There are three common ways to locate leaking pipes: the visual inspection, the smoke test, and the peppermint test. These tests can be used on all types of pipes.
The Visual Inspection
If the drain line runs along the wall, water or water stains will indicate where the leak is. The smell of sewer gases will indicate a leaking drain line. At times, you may need to crawl under the building to inspect the piping.
The Smoke Test
First, plug off the entire system using drain plugs or caps. Next, introduce smoke into the system with a smoke machine or use a smoke pellet. When smoke appears at the vent(s) on the roof, plug them. Then, add ˝ psi to the system. Wait 15 minutes before you start the inspection. Ensure that a pressure gauge has been installed on the system for monitoring purposes. The smoke leaking from the broken pipe will reveal where the break is located.
The Peppermint Test
After the system has been completely plugged off (as described above) add peppermint to the system. Pour 2 ounces of peppermint oil down each vent. If the building is over 5 floors, then add another ounce per vent for the next 5 floors. Remember:
Once the peppermint oil has been added to the system, pour 5 gallons of hot water into each vent. Close off the vents. If there is a leak in a drain system, the peppermint odor will reveal where it is. Always use two people to conduct this test because the peppermint oil smell is so strong that the individual adding the peppermint will become less sensitive to the smell. After locating the leak, make the necessary repairs.
When making repairs to a drainage system, always replace the old or broken pipe with the same type of material. Of course, when replacing the entire piping system, you will use the material that has been specified for the job.
Repairs on an interior drainage system will be different depending on the type of piping and the type of joints used. There are two types of pipe primarily used on interior drainage systems: cast iron soil pipe (CISP) and plastic pipe.
Cast Iron Soil Pipe
Cast iron soil pipe is usually repaired by using compression joints or no hub joints.
Assembling Compression Joints. This type of joint uses a bell and spigot. It is sealed with a neoprene rubber gasket. When the spigot end of the pipe and the neoprene gasket are lubricated and pushed or drawn into the gasket hub, the joint is sealed by displacement and compression of the rubber gasket.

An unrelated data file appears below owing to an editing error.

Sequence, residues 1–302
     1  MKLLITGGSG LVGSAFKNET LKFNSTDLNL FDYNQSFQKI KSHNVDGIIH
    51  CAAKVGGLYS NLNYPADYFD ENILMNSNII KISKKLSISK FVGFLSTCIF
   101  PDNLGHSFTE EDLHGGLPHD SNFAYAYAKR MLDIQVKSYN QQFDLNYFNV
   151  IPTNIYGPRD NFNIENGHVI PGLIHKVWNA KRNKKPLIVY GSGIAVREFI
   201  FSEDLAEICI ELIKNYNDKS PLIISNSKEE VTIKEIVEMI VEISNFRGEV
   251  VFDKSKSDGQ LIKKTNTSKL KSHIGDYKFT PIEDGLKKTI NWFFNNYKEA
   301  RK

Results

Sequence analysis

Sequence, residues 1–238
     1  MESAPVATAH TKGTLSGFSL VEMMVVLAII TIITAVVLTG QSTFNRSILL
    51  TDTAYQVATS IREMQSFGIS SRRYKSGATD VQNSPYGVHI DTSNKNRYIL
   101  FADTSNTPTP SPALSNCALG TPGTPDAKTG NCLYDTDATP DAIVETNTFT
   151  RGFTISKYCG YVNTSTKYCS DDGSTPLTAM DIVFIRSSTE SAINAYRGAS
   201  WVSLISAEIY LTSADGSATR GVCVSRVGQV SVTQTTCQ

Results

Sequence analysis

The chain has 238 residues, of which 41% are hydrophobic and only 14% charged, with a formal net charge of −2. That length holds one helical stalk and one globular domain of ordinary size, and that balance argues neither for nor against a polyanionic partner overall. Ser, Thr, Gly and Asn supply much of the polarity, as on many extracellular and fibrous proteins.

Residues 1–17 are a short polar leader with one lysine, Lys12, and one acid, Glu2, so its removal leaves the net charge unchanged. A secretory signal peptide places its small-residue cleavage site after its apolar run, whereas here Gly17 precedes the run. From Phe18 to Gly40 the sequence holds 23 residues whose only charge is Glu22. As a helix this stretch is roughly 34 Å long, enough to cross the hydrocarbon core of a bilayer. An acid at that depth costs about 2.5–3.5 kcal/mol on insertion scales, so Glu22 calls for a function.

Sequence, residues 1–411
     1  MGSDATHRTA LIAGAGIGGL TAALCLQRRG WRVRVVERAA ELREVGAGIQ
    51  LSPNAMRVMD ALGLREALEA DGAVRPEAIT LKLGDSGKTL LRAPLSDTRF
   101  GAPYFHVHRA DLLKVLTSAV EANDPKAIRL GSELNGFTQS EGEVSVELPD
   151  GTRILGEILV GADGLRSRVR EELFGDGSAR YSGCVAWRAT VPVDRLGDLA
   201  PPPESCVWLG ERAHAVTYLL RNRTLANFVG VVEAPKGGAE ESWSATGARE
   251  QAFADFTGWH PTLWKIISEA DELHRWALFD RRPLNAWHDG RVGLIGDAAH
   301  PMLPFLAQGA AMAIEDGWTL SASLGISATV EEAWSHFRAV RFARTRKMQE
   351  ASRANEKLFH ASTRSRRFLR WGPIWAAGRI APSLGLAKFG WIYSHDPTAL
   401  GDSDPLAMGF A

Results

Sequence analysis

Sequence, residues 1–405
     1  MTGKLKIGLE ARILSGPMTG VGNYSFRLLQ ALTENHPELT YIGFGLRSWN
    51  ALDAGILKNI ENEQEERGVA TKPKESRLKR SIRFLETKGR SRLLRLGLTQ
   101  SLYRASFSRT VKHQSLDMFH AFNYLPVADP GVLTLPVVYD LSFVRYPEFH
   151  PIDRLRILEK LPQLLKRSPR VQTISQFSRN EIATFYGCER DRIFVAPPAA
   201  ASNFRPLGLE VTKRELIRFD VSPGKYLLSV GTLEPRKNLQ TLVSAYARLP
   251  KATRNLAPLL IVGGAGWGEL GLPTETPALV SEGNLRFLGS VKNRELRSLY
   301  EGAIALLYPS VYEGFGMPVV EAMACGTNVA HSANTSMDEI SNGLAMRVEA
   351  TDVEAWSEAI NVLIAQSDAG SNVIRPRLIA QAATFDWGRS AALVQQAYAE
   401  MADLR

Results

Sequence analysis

Assembling No Hub Joints. This type of joint uses a one piece neoprene gasket and a stainless steel shield and retaining clamps. The advantages of this type of joint are that joints can be made in confined spaces, joints can be made quickly, and few tools are required. The disadvantage is that extra hangers are required. These types of junctions should not be buried or put into inaccessible areas.
Making repairs on PVC drainage systems is not difficult
Once joined, allow the joints ample time to dry as prescribed by the manufacturer’s directions. No hub couplings may also be used to repair PVC drainage systems since CISP and PVC have the same outside diameter.
Cast Iron Pipe
Cast iron soil pipe is heavy. You will need assistance on repairs. When cutting out the damaged section of cast iron with a snap cutter.
It is necessary for you to wear safety goggles and gloves, and have your sleeves rolled down because of the danger of flying pieces of cast iron.
Plastic pipe is light, inexpensive, durable, and easily assembled. The dangers involved with solvent gluing are the fumes from the cleaner and the solvent cement. Also, the chemicals in the cleaner and solvent cement are highly flammable.
The area in which you are working these solvents require adequate ventilation. Also, keep open flames away from the cleaner and solvent cement.
|Test Your Knowledge
2. What is a disadvantage of the no hub joint?
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This course presented information on the detection and repair of water lines, the purpose of temporary repairs, types of clamps, and installation procedures for clamps. Learning how to properly make repairs on interior water distribution and waste systems and knowing about the associated safety hazards are of major importance in your job. Repair these systems correctly the first time, and it will pay off in the long run.
- To Table of Contents -
1. Why is it difficult to pinpoint a leak where water is flowing between two concrete walls?
2. What is another name for a temporary repair device used on copper pipe?
3. How many means of temporarily repairing cast iron pipe are there?
4. What two clamps are used to temporarily repair a CISP?
5. When repairing a steel pipe, how many inches from the damaged section do you make the cuts?
6. Other than a broken pipe, what is another reason for a water leak?
7. How many different ways of locating leaking pipes are there?
8. At least how many people are necessary to complete the peppermint test?